What is de Quervain’s Tenosynovitis?
De Quervain’s tenosynovitis is a condition that affects two tendons in the thumb, namely the abductor pollicis longus (APL) and the extensor pollicis brevis (EPB). These tendons pass through a tunnel located near the end of the radius bone of the forearm. The tunnel acts like a guide to hold the tendons in place and is lined with a slippery coating called tenosynovium, which allows the tendons to glide smoothly back and forth as they move the thumb.
Tenosynovitis refers to inflammation of the tenosynovium and tendon. In de Quervain’s tenosynovitis, there is non-inflammatory thickening of the tendons, which constricts their movement within the tunnel, causing irritation. This results in pain and tenderness on the thumb side of the wrist, which may be aggravated by thumb and wrist movements.
Causes of de Quervain’s Tenosynovitis
De Quervain’s tenosynovitis can be caused by repeated hand and thumb motions, such as grasping, pinching, squeezing, or wringing, which can lead to inflammation of the tenosynovium and tendons. This inflammation can cause swelling, which restricts the smooth gliding action of the tendons within the tunnel. Scar tissue from an injury can also make it difficult for the tendons to slide easily through the tunnel.
Arthritic diseases that affect the whole body, such as rheumatoid arthritis, can also cause tenosynovitis in the thumb. Other factors that may increase the risk of developing de Quervain’s tenosynovitis include hormonal changes during pregnancy or breastfeeding, and certain medical conditions such as diabetes and thyroid disease.
In some cases, the cause of de Quervain’s tenosynovitis is unknown, and the pain may occur without any apparent direct mechanism or unusual activity.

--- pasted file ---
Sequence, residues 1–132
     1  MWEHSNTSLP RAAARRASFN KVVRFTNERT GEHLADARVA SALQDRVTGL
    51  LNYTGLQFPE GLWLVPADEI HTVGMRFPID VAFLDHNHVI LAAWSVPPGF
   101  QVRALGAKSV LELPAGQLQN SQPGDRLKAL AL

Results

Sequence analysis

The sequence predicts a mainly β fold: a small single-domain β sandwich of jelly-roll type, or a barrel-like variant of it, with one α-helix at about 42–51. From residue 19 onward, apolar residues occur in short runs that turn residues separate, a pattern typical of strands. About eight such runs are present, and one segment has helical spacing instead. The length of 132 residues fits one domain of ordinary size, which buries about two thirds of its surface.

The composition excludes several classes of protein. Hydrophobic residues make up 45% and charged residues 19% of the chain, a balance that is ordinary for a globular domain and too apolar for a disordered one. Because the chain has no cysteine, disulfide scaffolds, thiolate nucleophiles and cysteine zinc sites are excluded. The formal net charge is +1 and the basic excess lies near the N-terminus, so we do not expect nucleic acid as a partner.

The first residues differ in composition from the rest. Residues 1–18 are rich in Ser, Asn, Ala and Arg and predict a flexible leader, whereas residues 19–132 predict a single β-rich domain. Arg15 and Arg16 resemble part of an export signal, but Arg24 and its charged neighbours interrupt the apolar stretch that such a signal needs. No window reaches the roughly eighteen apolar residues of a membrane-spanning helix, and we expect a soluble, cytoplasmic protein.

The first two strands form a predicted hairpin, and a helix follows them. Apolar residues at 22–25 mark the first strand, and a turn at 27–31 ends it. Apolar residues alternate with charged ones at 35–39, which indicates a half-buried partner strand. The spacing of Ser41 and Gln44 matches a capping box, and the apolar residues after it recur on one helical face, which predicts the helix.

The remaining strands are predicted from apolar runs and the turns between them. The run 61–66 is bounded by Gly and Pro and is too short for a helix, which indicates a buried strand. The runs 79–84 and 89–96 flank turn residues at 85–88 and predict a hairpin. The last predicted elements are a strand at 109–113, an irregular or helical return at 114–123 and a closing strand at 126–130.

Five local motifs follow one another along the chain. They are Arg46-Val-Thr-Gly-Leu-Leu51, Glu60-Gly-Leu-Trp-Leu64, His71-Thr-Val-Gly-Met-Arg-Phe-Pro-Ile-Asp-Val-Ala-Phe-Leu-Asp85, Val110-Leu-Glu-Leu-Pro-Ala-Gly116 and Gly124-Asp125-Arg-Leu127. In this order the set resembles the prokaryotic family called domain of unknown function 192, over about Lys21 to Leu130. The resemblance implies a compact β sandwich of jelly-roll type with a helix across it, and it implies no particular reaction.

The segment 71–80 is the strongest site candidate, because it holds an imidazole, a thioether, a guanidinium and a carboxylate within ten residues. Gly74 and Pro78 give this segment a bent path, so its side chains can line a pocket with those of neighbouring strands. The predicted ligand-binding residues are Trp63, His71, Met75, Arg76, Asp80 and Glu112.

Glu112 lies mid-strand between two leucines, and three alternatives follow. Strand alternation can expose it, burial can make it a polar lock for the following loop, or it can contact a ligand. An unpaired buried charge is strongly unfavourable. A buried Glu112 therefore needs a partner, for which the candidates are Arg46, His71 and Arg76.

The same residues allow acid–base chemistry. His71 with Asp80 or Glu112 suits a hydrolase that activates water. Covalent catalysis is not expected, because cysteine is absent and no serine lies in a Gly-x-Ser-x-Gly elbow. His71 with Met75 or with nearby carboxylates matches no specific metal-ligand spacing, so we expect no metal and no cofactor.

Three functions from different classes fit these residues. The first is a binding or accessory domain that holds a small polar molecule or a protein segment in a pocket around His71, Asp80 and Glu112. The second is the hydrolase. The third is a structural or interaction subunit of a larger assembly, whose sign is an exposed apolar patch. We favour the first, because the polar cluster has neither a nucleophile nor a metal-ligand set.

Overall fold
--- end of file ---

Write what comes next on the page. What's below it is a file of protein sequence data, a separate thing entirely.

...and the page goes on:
Symptoms of de Quervain’s Tenosynovitis
The symptoms of de Quervain’s tenosynovitis typically start as soreness on the thumb side of the forearm, near the wrist. If left untreated, the pain may spread up the forearm or further down into the wrist and thumb. As the condition worsens, the tendons may begin to creak as they move through the constricted tunnel, resulting in a noise called crepitus. Swelling may also occur along the tunnel near the edge of the wrist.
Grasping objects with the thumb and hand may become increasingly painful, and the affected area may feel tender to the touch. In some cases, a lump may develop at the base of the thumb. Activities that involve repetitive hand and thumb motions, such as typing, knitting, or playing an instrument, may exacerbate the pain and discomfort.
de Quervain’s Tenosynovitis Diagnosis
Diagnosing de Quervain’s tenosynovitis relies on symptoms and physical exam. Imaging usually isn’t necessary. The Finkelstein test is a reliable diagnostic tool. A healthcare professional should perform the test. Other conditions can cause similar symptoms, so a proper diagnosis is essential.
Treatment of de Quervain’s Tenosynovitis
Treatment of de Quervain’s tenosynovitis usually involves a combination of rest, splinting, and physiotherapy. In some cases, glucocorticoid injections may also be used. Here are some ways to treat this condition:
Rest or Reduce Hand Movements